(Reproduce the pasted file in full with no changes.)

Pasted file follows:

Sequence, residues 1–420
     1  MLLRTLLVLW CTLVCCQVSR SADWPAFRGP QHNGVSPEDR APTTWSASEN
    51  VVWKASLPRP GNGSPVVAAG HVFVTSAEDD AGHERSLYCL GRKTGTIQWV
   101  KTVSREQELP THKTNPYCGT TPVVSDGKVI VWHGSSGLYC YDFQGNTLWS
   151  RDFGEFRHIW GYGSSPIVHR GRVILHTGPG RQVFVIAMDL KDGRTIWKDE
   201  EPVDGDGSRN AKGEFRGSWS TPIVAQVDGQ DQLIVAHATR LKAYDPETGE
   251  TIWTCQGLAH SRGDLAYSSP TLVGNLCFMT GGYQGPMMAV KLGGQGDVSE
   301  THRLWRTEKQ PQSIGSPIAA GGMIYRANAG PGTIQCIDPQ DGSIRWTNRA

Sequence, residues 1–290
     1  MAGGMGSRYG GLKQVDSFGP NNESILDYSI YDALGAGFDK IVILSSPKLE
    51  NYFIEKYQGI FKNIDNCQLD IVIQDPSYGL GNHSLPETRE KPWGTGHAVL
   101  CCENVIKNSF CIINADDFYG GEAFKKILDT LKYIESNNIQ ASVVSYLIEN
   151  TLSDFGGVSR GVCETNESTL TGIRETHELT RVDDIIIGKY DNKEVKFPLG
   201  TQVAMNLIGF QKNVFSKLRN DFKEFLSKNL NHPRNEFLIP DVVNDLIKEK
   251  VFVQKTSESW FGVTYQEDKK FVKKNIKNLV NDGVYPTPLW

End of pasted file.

Sequence, residues 1–420
     1  MLLRTLLVLW CTLVCCQVSR SADWPAFRGP QHNGVSPEDR APTTWSASEN
    51  VVWKASLPRP GNGSPVVAAG HVFVTSAEDD AGHERSLYCL GRKTGTIQWV
   101  KTVSREQELP THKTNPYCGT TPVVSDGKVI VWHGSSGLYC YDFQGNTLWS
   151  RDFGEFRHIW GYGSSPIVHR GRVILHTGPG RQVFVIAMDL KDGRTIWKDE
   201  EPVDGDGSRN AKGEFRGSWS TPIVAQVDGQ DQLIVAHATR LKAYDPETGE
   251  TIWTCQGLAH SRGDLAYSSP TLVGNLCFMT GGYQGPMMAV KLGGQGDVSE
   301  THRLWRTEKQ PQSIGSPIAA GGMIYRANAG PGTIQCIDPQ DGSIRWTNRA

Sequence, residues 1–290
     1  MAGGMGSRYG GLKQVDSFGP NNESILDYSI YDALGAGFDK IVILSSPKLE
    51  NYFIEKYQGI FKNIDNCQLD IVIQDPSYGL GNHSLPETRE KPWGTGHAVL
   101  CCENVIKNSF CIINADDFYG GEAFKKILDT LKYIESNNIQ ASVVSYLIEN
   151  TLSDFGGVSR GVCETNESTL TGIRETHELT RVDDIIIGKY DNKEVKFPLG
   201  TQVAMNLIGF QKNVFSKLRN DFKEFLSKNL NHPRNEFLIP DVVNDLIKEK
   251  VFVQKTSESW FGVTYQEDKK FVKKNIKNLV NDGVYPTPLW